Leonard: I do want to remind everybody that on our own website here at Court Services of Offender Supervision Agency on the front page of that website, www.csosa.gov, www.csosa.gov, we do have a section called “Hiring Offenders”, hiring people under supervision where we have radio and television shows where we’ve interviewed both individuals caught up in the criminal justice system as well as employers and asked them about their experience in terms of the employment process when people are out under supervision.

This is a multi-stage process. That’s the most important thing in all of this. John, it’s just not a matter, as you said, to train them and pray but it’s a matter of systematically gaining information about the labor market systematically, preparing individuals for employment systematically, working with partnerships and working with potential employers. It’s a multi-stage process to do this correctly, correct?

John: Exactly. Assessment is so important. It’s not just a quick assessment. All too often I think people are in a hurry to get things done and they don’t do a thorough assessment. One has to look at risks and needs. What are the strengths that a person has? What are the barriers that they face? As Francina mentioned, what are their interests? What are their values? You don’t want to place a person in a job where they have no interest in doing the work for the long-term. You want to give them a career ladder so you want to match them to a job that meets their interests and their values. You want to determine how well they can work as a team. How flexible are they? How adaptable are they? Do they have the ability to accept criticism? These are all things that need to go into an assessment before you even think about sending somebody out to meet with an employer.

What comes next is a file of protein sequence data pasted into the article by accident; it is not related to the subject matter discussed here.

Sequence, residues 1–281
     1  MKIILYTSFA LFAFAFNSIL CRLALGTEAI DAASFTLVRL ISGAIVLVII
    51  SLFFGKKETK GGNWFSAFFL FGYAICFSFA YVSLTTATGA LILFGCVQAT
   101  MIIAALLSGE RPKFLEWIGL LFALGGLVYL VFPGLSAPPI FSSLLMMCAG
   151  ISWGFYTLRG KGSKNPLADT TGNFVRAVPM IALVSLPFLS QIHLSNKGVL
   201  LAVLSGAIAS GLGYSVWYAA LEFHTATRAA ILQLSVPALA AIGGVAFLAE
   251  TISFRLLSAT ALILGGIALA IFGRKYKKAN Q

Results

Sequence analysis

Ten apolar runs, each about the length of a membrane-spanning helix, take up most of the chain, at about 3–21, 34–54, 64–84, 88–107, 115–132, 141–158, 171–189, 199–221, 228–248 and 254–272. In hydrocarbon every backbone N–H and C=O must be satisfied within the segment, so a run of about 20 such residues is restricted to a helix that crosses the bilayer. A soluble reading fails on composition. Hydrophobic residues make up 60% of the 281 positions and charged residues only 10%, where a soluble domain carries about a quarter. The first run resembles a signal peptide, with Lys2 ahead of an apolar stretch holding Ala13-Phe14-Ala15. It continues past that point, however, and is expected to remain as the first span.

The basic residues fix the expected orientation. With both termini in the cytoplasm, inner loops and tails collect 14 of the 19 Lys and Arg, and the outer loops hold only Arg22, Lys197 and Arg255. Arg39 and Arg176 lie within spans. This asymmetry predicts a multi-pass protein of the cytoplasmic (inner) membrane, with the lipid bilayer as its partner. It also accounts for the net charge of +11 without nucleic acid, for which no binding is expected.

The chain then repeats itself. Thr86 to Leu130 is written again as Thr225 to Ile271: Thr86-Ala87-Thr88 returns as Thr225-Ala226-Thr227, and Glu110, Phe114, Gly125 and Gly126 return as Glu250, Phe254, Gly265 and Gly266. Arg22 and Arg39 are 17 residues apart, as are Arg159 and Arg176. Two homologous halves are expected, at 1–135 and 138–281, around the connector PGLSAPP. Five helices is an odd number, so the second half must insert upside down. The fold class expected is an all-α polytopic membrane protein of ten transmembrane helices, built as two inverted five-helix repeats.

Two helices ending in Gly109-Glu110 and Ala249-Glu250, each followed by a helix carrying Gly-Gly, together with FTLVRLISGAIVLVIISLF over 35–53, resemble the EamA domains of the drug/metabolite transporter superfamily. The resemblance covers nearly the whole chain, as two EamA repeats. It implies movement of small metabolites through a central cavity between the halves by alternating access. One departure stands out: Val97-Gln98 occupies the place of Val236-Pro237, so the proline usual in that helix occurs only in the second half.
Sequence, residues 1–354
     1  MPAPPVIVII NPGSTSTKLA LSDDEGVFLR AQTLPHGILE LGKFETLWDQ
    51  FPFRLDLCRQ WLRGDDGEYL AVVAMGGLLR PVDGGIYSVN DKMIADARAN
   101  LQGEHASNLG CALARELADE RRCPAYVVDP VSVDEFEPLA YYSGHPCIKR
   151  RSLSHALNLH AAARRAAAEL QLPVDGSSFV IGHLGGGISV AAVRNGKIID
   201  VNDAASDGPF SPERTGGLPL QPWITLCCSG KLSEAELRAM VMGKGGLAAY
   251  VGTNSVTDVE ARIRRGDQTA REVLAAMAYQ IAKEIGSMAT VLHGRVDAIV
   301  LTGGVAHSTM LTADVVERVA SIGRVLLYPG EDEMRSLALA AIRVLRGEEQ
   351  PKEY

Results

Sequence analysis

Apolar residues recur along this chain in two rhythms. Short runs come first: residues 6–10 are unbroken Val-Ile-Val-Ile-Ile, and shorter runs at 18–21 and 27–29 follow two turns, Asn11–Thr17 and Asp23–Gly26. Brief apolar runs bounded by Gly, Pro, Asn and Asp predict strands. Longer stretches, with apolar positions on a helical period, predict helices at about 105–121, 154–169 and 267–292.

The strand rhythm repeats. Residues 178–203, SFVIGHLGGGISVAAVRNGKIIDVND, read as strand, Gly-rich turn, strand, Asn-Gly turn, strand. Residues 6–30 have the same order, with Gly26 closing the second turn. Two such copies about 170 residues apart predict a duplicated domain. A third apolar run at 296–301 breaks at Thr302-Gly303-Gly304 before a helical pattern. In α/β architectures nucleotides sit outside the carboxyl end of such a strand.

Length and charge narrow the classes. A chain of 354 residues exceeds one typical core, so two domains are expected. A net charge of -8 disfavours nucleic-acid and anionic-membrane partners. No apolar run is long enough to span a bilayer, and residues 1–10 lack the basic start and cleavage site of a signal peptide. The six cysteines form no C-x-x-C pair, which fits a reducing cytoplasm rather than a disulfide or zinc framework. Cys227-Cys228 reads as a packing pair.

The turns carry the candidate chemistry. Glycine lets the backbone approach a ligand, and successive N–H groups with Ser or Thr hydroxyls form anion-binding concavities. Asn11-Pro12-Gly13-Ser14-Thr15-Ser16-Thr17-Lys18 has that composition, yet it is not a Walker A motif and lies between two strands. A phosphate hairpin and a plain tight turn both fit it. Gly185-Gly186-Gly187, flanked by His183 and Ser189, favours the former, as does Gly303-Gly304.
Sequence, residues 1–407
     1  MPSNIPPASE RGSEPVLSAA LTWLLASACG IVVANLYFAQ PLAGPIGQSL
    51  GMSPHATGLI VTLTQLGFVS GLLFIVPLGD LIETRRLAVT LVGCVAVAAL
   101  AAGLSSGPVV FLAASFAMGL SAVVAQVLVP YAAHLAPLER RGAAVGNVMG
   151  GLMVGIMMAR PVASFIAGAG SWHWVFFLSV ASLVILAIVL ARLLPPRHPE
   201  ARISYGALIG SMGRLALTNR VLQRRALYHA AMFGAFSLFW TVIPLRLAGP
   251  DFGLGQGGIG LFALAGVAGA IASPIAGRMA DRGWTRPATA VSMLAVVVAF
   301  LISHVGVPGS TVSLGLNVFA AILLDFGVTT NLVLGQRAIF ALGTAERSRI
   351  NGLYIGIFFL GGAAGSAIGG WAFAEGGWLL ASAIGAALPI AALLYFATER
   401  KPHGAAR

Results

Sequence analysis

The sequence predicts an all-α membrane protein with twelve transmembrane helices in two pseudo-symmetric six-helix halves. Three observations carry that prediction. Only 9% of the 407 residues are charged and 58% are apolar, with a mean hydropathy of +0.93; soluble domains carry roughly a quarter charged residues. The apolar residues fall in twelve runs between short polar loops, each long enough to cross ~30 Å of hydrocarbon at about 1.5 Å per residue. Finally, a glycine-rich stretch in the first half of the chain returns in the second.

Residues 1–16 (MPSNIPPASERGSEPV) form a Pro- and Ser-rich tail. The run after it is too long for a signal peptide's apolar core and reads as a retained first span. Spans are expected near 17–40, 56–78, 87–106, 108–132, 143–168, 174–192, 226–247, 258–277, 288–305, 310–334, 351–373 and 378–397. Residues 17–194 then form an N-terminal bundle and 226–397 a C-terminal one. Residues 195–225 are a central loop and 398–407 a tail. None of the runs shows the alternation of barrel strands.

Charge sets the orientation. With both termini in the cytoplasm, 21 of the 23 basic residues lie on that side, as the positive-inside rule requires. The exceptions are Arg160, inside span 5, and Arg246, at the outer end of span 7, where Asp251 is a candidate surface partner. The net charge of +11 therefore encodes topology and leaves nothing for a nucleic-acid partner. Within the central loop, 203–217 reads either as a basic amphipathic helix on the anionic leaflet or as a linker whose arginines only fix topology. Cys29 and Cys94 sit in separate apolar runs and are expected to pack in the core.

Do the assessment, deal with every barrier that exists. I frequently tell people that it’s the barrier that you don’t address, the one that you miss, the one that you just “We’ll deal with it later”, that’s the one that’s going to cause someone to either not get a job or to lose a job in a few months. It’s so important to identify all of those barriers, address the barriers, get that person ready, identify what their interests are, and then begin to make the match.

Leonard: I’m sorry, go ahead.

John: I think the same thing holds true when one meets with employers. I’ll let you ask your question. I know you want to follow up.

Leonard: I was talking to our employment people before the radio program. They were telling me that we have comprehensive services here at the Court Services and Offender Supervision Agency in terms of both education and in terms of employment. It’s a multi-stage, very comprehensive process. Our shtick, if you will, our main approach to communicating this message is that we have people who are job-ready now. We don’t have risks to public safety. We have people who are job-ready now who need to find work. We’re encouraging employers to work with us.

They also said in many cases you have to stabilize them first before they get involved in these services. If there are mental health or substance abuse issues or other issues, anger management, you have to go through the process of fixing those issues first before getting them involved in the job preparation part of it or the education part of it. Are they right or wrong?

John: No, they’re 100% right. People have to be ready for work although the first message that I would give employers is not that we have people that are ready to work for you. The first thing that you want to actually do is listen to the employer. Find out what their needs are. All too often I think what happens is that we get people ready for work and they are ready for work, they are job-ready. Then we run out and we tell employers we have job-ready people for you. That’s not the right approach.